Guardian (London) - September 11, 1999
TROPICAL DISEASES SPREADING NORTH
Warning as mayor orders spraying of New York
Paul Brown, Environment Correspondent
Saturday September 11, 1999
Leading experts on climate change warned last night that global
warming is making cities in the northern hemisphere more vulnerable
to outbreaks of potentially lethal strains of tropical diseases.
The warning came as the mayor of New York, Rudolph Giuliani ordered
the spraying of the entire city with insecticide from helicopters in
an attempt to eradicate mosquitoes which are spreading the brain
disease encephalitis. So far there have been three deaths and nine
other confirmed cases. A further 60 suspected cases have been
Unstable weather in North America and Europe is allowing pests and
diseases to migrate north, according to Paul R Epstein, an associate
director of the Centre for Health and the Global Environment at
Harvard medical school. "We must all prepare for such nasty
surprises," he said.
Doctors in southern England have already been warned by the
department of health to look out for malaria cases caused by
Dr Epstein said the extreme weather events - droughts followed by
tropical downpours - suffered by New York this summer were providing
ideal breeding conditions for mosquitoes, particularly those which
carry tropical diseases, as there were few natural predators to feed
He said that New York had also suffered two cases of
locally-transmitted malaria in the last few weeks - another sign that
climate change was allowing the survival of tropical diseases in an
area which had always been considered too cold.
It is New York's first confirmed outbreak of St. Louis strain
encephalitis, which is fatal in 10% of cases. Spraying is aimed at
the stagnant pools where the larvae thrive and is likely to continue
until frosts kill off the mosquitoes.
"This is scaring the hell out of the people of New York," Dr Epstein
said. "The psychological cost and the costs of spraying are probably
greater than the direct medical bills, but they show the kind of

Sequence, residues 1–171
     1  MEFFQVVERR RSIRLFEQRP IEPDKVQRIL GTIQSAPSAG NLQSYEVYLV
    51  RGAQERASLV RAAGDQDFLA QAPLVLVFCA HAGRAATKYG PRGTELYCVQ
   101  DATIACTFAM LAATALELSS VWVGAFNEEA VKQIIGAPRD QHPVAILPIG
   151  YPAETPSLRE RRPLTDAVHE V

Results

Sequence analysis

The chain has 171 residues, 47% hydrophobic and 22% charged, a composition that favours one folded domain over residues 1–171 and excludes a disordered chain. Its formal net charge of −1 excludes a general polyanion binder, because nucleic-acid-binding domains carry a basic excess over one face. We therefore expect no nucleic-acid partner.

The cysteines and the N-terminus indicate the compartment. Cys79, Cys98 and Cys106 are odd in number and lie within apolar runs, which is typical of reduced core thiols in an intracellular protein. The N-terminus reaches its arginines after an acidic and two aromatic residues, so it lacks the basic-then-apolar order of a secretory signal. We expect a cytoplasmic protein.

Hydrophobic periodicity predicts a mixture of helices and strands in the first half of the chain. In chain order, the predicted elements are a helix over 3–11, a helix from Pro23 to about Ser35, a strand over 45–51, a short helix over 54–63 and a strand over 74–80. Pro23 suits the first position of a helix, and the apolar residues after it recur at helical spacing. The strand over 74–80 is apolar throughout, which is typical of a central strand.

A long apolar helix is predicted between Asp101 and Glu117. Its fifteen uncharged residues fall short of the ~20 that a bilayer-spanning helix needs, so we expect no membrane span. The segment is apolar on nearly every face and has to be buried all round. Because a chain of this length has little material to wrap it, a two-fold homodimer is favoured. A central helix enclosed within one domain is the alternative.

costs associated with an unstable climate, and the extreme weather
associated with it.
"Washington has been suffering a severe drought and is now being hit
by thunderstorms - it's the same pattern. Perhaps they will finally
get the message that it is time to do something about climate change."
The World Heath Organisation in Geneva has a unit which is monitoring
the spread north of malaria and other tropical diseases.
Dr David Viner, a senior scientist at the climatic research unit at
the University of East Anglia has written a report on the expected
return of malaria to Southern Spain. He said: "The malaria-carrying
mosquitoes die off if it's too hot or it's too cold, so with climate
change they are gradually moving north as temperatures warm up.
Malaria is the biggest killer on the planet which is why everyone is
so worried about it.
"Just to give you some idea they are spending $100m [£61.6m] a year
in Florida to try and eradicate malaria. It is only a matter of time
before the climate envelope in which it and other tropical diseases
survive moves northwards both in Europe and the US."
He said that malaria had been prevalent in East Anglia during the
middle ages when Britain was warmer and it could return. Department
of environment scientists said last year that conditions in Britain
were already suitable for malaria mosquitoes to survive.
According to Dr Epstein, New York's warmer winters were already
allowing some encephalitis-carrying mosquitoes to survive although
the cold still killed off malaria mosquitoes.
"In general, climate constrains the range of most infectious
diseases, while weather affects the timing and intensity of
outbreaks," he said.
"Recent weather-related disasters like Hurricane Mitch have spawned
clusters of water, rodent and mosquito-borne infections. They were
spreading diseases further north than previous seen."
The march north of the Saint Louis strain of encephalitis was
recorded in predictions made by the UN's intergovernmental panel on
climate change in 1998.
Its report suggested that outbreaks along the east coast, south of
New York, were associated with warm winters and hot dry summers.
In the European chapter of the report, it predicted that warmer
conditions for vector organisms - such as ticks, mosquitoes and sand
flies - that spread warm climate diseases increase the potential for
outbreaks in Europe.
Increased tourism is also playing a part. About 2,000 cases of
"airport" malaria - in which the disease is carried back to Britain
by tourists - were diagnosed in England in 1990 and there are usually
10-12 fatalities each year.
These cases could lead to local populations of mosquitoes becoming
infected with the parasite. "It is important to strengthen current
policies of surveillance," the report says.